Section: Research Program

Spontaneous Wireless Networks (SWN) and Internet of Things (IoT)

The unavailability of end-to-end connectivity in emergent wireless mobile networks is extremely disruptive for IP protocols. In fact, even in simpler cases of spontaneous wireless networks where end-to-end connectivity exists, such networks are still disruptive for the standard IP protocol stack, as many protocols rely on atomic link-local services (such as link-local multicast/broadcast), while these services are inherently unavailable in such networks due to their opportunistic, wireless multi hop nature. In this domain, we will aim to characterize the achievable performance in such IP-disruptive networks and to actively contribute to the design of new, deployable IP protocols that can tolerate these disruptions, while performing well enough compared to what is achievable and remaining interoperable with the rest of the Internet.

Spontaneous wireless networking is also a key aspect of the Internet of Things (IoT). The IoT is indeed expected to massively use this networking paradigm to gradually connect billions of new devices to the Internet, and drastically increase communication without human source or destination – to the point where the amount of such communications will dwarf communications involving humans. Large scale user environment automation require communication protocols optimized to efficiently leverage the heterogeneous and unreliable wireless vicinity (the scope of which may vary according to the application). In fact, extreme constraints in terms of cost, CPU, battery and memory capacities are typically experienced on a substantial fraction of IoT devices. We expect that such constraints will not vanish any time soon for two reasons. On one hand the progress made over the last decade concerning the cost/performance ratio for such small devices is quite disappointing. On the other hand, the ultimate goal of the IoT is ubiquitous Internet connectivity between devices as tiny as dust particles. These constraints actually require to redesign not only the network protocol stack running on these devices, but also the software platform powering these machines. In this context, we will aim at contributing to the design of novel network protocols and software platforms optimized to fit these constraints while remaining compatible with legacy Internet.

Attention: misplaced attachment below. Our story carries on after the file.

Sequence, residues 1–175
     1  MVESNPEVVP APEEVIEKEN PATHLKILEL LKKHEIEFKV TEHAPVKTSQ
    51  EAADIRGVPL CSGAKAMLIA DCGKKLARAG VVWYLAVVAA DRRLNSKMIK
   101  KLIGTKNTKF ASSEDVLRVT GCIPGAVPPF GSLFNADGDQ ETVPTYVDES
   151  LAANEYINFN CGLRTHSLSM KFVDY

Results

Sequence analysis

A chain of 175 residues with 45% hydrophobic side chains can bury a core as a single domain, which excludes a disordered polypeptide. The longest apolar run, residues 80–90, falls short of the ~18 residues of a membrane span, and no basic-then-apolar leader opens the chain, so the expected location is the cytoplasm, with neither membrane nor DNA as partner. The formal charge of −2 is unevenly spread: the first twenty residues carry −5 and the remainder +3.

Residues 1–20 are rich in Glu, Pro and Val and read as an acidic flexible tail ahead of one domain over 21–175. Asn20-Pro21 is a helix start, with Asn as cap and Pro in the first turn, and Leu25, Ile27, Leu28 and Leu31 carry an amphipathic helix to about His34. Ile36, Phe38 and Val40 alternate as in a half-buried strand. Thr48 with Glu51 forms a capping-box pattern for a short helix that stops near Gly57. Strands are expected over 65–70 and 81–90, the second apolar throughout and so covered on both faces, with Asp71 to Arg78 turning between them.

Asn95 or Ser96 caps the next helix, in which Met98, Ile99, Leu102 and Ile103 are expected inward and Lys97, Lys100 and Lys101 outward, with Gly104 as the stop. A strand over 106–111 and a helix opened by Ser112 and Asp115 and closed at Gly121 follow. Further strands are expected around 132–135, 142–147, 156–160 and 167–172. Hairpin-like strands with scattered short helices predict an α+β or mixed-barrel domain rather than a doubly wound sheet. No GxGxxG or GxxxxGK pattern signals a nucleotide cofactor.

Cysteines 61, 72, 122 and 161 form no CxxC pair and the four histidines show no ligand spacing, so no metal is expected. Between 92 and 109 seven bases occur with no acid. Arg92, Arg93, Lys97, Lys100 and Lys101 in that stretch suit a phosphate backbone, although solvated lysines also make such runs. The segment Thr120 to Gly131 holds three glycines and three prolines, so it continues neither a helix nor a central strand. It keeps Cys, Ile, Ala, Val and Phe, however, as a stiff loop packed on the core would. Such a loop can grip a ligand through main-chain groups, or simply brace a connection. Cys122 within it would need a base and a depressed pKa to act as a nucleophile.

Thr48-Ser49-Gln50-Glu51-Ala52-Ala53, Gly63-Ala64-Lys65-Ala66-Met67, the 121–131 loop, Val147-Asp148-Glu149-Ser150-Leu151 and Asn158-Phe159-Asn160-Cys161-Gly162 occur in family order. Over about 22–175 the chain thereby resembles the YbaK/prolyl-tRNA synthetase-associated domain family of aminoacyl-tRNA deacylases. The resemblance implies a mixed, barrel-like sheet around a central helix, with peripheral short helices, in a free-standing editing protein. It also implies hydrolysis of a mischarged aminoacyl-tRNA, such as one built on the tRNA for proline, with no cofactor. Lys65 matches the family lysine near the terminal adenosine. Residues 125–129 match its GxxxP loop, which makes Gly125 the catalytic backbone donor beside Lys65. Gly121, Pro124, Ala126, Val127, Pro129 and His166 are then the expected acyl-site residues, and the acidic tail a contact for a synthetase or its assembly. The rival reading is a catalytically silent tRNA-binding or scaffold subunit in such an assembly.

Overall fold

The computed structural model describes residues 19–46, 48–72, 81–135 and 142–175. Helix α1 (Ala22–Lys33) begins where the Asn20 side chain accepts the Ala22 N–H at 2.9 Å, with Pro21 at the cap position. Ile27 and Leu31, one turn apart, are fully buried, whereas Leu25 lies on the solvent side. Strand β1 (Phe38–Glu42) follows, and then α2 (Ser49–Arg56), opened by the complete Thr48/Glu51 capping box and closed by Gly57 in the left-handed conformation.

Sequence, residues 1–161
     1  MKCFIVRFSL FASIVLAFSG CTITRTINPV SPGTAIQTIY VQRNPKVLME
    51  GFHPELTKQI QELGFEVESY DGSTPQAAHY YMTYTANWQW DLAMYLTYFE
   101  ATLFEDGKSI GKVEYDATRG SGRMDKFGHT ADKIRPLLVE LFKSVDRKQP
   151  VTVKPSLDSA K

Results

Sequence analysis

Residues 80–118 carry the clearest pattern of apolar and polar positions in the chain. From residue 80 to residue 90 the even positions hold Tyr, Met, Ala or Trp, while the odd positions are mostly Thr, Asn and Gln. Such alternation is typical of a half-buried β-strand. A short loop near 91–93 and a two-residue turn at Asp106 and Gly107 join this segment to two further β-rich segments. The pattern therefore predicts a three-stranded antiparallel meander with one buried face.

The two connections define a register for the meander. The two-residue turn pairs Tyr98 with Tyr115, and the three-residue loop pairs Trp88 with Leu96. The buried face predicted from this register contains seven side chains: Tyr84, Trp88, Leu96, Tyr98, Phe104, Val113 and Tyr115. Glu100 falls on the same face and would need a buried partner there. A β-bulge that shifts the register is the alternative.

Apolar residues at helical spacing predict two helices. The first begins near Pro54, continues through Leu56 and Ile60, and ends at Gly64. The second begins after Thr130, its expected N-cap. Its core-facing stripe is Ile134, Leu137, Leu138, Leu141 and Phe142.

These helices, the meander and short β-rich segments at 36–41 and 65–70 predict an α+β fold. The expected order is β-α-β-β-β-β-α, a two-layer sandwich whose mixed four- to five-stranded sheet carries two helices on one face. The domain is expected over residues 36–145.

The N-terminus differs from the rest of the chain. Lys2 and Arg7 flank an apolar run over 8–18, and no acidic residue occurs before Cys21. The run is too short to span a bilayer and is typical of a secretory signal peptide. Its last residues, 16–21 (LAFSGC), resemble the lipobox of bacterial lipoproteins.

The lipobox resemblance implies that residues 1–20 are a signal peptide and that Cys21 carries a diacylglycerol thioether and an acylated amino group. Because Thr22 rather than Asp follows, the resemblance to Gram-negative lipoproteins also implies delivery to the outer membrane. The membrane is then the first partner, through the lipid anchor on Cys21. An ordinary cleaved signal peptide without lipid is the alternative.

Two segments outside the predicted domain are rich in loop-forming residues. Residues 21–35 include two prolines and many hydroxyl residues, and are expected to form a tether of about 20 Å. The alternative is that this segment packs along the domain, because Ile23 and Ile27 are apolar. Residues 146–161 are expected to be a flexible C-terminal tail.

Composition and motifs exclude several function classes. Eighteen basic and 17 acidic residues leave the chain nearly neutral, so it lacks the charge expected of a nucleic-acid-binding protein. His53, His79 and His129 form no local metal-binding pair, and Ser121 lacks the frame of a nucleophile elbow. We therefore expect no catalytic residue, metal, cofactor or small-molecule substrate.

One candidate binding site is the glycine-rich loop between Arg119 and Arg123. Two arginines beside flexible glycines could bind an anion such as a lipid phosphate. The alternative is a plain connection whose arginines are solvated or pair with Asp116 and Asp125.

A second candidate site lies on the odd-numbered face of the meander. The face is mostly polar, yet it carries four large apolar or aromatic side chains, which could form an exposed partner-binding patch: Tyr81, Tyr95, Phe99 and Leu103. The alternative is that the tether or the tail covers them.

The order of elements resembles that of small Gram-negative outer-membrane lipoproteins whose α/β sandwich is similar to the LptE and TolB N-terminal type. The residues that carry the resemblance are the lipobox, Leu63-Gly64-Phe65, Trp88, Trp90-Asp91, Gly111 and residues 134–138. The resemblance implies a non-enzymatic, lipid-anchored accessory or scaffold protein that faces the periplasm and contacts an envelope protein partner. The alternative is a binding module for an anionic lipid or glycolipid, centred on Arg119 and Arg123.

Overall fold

Design & Development of Open Experimental IoT Platforms

Manufacturers announce on a regular basis the availability of novel tiny devices, most of them featuring network interfaces: the Internet of Things (IoT) is already here, from the hardware perspective, and it is expected in the near future that we will see a massive increase of the number of muti-purpose smart objects (from tiny sensors in industrial automation to devices like smart watches and tablets). Thus, one of the challenges is to be able to test architectures, protocols and applications, in realistic conditions and at large scale.

One necessity for research in this domain is to establish and improve IoT hardware platforms and testbeds, that integrate representative scenarios (such as Smart Energy, Home Automation etc.) and follow the evolution of technology, including radio technologies, and associated experimentation tools. For that, we plan to build upon the IoT-LAB federated testbeds, that we have participated in designing and deploying recently. We plan to further develop IoT-LAB with more heterogeneous, up-to-date IoT hardware and radios that will provide a usable and realistic experimentation environment. The goal is to provide a tool that enables testing a validation of upcoming software platforms and network stacks targeting concrete IoT deployments.